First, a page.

MVS, Televisa, Mexican government clash over TV spectrum

Gabriel Miramar-Garcia | 08-03-2012

The battle over spectrum re-use is heating up in Mexico: TV broadcaster Grupo Televisa has asked that the 190MHz of free spectrum owned by communications provider MVS Comunicaciones be thrown open go competition.

The spectrum was freed up when MVS moved from terrestrial to satellite broadcasting. MVS, in partnership with Clearwire and Intel, had intended to use the spectrum to set up a wholesale mobile broadband network to bring broadband to the masses throughout the country. However, the $400 million project was abandoned after only $80 million was spent, due to what MVS says is an unviable government licencing scheme and a lack of political will.

The Communications and Transport Ministry has now decided not to renew MVS's frequency concessions, which are necessary for it to build a nationwide network-- a move Televisa is naturally supporting. The next step would be to reassign the spectrum to a new frequency band and auction it off-- a move that would bring a range of new rivals to MVS for wireless services.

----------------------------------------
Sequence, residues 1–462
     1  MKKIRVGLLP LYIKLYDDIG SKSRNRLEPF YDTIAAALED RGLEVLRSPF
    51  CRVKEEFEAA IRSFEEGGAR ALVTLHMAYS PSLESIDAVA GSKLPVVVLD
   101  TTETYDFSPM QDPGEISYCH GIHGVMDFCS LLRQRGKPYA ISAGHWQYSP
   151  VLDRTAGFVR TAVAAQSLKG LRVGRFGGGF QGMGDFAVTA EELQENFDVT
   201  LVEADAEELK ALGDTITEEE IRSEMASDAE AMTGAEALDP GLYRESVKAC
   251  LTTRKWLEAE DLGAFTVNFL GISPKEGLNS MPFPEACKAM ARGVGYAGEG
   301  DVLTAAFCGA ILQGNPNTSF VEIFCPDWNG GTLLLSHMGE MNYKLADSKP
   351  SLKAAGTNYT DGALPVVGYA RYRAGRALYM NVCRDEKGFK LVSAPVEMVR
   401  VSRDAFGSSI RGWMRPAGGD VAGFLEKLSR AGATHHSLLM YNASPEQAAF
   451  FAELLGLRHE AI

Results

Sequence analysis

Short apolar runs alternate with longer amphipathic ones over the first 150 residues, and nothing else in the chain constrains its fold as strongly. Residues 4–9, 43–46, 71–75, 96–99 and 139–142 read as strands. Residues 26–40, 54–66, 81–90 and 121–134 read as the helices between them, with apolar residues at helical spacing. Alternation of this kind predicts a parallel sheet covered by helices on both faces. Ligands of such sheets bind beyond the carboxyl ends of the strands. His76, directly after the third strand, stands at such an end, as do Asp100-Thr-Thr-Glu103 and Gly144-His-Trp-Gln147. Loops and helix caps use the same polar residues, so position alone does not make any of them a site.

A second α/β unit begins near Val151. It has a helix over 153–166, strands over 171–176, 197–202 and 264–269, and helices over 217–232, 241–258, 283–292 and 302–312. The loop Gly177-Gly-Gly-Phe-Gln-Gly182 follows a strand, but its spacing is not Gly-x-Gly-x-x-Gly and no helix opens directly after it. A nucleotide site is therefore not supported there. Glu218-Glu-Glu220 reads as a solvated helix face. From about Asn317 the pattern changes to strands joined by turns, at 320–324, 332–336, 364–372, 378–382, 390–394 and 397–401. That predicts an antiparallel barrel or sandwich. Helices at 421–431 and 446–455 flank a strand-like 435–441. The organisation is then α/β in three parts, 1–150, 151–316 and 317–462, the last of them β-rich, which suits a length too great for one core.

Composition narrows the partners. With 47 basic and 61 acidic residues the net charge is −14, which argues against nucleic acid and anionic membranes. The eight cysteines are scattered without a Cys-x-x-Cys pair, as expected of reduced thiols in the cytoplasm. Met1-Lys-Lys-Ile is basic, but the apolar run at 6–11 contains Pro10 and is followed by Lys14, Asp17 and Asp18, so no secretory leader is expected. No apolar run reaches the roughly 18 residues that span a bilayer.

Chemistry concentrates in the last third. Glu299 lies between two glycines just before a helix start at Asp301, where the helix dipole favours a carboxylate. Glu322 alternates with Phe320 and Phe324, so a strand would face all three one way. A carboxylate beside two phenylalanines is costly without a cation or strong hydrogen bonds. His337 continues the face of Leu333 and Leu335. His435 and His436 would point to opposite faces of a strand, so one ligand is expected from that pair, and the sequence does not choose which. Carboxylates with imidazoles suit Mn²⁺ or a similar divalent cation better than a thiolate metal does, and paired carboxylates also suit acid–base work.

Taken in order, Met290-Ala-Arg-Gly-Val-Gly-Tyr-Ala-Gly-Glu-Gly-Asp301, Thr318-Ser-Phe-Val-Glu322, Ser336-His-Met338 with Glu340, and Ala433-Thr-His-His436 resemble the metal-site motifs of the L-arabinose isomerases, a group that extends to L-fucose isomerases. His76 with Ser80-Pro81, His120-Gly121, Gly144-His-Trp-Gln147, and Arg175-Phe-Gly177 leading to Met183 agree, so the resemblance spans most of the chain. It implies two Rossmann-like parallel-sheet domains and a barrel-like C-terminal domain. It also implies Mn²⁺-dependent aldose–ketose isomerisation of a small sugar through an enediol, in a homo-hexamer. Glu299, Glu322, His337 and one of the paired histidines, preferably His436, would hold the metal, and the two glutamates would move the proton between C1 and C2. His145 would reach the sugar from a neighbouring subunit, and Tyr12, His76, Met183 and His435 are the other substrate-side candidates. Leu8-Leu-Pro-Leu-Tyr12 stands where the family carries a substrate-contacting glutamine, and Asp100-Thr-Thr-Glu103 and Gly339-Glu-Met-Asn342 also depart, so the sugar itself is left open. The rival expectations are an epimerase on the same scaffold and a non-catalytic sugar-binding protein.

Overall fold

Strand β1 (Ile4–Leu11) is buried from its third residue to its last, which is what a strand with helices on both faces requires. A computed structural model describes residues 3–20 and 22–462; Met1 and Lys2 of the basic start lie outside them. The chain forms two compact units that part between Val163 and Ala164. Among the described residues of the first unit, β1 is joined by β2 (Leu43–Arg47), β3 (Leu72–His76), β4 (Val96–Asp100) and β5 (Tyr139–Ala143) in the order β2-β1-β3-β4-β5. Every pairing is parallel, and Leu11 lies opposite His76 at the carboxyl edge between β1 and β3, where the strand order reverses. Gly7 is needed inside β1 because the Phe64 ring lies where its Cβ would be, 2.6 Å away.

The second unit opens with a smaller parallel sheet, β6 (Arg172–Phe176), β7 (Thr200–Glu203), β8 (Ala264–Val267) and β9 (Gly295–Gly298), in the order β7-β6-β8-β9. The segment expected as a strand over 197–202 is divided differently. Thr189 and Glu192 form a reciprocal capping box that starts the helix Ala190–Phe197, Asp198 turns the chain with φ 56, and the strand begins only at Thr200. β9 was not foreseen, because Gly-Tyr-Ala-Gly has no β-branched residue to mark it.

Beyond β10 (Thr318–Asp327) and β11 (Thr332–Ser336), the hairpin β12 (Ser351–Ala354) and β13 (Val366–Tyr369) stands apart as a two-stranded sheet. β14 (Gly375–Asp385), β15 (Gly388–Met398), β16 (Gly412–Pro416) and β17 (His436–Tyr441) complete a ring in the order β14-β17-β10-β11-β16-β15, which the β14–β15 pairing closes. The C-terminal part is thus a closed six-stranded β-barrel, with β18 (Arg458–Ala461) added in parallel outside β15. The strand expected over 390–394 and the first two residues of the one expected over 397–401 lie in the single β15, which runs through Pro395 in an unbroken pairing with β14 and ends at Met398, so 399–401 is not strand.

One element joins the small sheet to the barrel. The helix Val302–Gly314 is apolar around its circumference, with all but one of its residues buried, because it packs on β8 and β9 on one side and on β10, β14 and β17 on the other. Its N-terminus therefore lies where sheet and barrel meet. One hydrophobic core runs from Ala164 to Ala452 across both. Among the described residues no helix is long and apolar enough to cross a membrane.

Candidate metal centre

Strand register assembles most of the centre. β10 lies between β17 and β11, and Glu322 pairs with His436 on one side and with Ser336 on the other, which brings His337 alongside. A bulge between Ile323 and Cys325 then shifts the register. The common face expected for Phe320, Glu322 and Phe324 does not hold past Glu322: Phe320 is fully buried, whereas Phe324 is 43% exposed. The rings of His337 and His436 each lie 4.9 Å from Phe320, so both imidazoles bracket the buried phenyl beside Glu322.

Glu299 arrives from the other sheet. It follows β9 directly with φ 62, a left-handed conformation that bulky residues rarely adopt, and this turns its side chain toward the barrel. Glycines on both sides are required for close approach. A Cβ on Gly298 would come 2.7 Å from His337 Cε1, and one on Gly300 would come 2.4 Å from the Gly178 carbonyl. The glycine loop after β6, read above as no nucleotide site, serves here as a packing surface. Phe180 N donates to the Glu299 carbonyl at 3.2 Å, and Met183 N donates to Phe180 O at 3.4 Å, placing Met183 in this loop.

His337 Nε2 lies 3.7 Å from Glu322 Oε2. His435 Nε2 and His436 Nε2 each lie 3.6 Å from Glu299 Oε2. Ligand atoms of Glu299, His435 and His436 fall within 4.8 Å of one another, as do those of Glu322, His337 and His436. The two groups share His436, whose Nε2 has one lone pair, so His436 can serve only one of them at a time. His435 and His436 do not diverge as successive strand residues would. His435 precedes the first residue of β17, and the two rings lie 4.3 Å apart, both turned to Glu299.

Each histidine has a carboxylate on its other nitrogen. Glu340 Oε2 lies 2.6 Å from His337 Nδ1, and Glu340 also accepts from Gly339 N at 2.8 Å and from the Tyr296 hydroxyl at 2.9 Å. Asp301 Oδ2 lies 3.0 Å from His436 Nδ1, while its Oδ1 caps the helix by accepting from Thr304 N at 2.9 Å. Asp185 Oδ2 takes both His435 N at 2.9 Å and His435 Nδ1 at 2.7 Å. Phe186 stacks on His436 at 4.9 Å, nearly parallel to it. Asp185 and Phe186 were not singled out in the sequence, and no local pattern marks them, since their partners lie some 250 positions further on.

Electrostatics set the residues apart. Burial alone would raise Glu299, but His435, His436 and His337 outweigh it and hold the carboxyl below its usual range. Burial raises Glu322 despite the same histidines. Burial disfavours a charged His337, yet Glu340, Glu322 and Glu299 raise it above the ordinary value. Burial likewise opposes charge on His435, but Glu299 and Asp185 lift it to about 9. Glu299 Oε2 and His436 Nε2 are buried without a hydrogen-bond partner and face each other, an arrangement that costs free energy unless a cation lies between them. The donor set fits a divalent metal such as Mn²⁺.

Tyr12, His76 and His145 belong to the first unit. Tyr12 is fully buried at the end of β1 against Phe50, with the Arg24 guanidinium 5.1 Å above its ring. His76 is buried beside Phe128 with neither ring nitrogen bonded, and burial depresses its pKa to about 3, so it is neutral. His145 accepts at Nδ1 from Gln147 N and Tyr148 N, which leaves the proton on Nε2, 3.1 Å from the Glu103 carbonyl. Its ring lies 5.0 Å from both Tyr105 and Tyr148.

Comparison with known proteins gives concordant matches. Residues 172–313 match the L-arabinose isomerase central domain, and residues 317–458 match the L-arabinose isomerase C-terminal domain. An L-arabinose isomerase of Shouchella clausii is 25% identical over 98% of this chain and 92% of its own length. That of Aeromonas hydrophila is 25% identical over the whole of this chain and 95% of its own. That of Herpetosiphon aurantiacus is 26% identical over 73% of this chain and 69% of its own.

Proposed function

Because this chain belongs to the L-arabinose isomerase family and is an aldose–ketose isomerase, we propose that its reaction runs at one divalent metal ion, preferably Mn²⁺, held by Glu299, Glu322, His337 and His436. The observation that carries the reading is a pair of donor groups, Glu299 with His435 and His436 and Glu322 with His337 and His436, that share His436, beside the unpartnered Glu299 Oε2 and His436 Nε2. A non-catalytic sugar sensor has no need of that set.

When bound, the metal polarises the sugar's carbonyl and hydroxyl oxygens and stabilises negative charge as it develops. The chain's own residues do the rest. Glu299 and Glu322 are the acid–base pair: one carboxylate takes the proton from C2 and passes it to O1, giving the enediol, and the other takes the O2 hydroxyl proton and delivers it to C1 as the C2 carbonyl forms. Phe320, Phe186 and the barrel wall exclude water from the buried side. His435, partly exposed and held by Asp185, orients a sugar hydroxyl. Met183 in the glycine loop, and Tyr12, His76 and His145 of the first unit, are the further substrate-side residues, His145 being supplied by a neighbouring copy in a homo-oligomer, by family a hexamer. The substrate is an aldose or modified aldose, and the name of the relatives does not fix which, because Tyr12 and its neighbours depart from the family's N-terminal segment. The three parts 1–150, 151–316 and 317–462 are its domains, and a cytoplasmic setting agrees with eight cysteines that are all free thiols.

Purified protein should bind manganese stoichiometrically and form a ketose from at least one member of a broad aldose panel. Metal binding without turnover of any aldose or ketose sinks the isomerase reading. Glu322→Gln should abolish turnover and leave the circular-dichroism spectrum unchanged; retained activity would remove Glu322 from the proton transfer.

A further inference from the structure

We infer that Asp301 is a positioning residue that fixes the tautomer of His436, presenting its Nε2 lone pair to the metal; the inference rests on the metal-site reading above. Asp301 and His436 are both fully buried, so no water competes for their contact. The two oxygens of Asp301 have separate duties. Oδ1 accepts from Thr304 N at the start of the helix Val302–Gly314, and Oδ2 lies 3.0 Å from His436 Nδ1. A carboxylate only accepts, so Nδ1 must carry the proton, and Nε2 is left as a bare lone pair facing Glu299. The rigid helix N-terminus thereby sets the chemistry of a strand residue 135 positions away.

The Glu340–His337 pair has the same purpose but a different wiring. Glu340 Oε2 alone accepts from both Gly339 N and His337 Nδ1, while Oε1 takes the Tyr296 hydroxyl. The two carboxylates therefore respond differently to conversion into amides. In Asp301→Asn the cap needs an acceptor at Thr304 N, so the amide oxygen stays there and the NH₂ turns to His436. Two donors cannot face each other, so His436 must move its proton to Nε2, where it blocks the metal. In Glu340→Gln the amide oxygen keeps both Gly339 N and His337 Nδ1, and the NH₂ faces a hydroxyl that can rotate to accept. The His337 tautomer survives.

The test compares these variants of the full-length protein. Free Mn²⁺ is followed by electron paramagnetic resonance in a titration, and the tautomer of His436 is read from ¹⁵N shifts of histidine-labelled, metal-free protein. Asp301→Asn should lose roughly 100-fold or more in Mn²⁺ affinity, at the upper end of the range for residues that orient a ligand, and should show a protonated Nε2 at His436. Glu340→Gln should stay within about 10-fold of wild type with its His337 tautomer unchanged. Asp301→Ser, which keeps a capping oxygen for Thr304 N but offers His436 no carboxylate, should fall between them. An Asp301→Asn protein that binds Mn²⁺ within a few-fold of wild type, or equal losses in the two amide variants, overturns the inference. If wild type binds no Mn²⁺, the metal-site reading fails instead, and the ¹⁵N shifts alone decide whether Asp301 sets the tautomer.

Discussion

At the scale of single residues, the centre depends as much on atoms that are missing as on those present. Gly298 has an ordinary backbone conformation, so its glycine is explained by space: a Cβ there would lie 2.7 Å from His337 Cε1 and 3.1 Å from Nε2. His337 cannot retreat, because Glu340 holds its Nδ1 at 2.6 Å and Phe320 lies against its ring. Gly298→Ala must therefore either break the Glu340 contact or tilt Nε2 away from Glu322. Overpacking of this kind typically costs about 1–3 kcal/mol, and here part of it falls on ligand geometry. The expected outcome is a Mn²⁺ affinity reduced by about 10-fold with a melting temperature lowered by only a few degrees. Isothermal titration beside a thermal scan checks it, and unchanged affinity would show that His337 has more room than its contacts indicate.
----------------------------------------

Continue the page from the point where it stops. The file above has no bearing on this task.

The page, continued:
Not willing to go quietly, MVS has taken out full-page ads in major newspapers around the country blaming Televisa for "obstructing competition" by wanting to have its spectrum taken away. It cites the fact that it has just launched a new service in partnership with EchoStar, under the Dish Mexico brand, which competes with Televisa's satellite service.

MVS is simply using "supposed conflicts with Televisa as an excuse to cover up its legal and business deficiencies," Televisa countered, in a statement, adding that Televisa is interested in "more competition and not monopolies like the one MVS wants to set up."

It appears to be a futile effort on the part of MVS: MVS vice-president Jose Antonio Abad told Reuters that the company offered to pay $340 million to keep 140 MHz of the spectrum for use for 10 years. The government rejected the offer.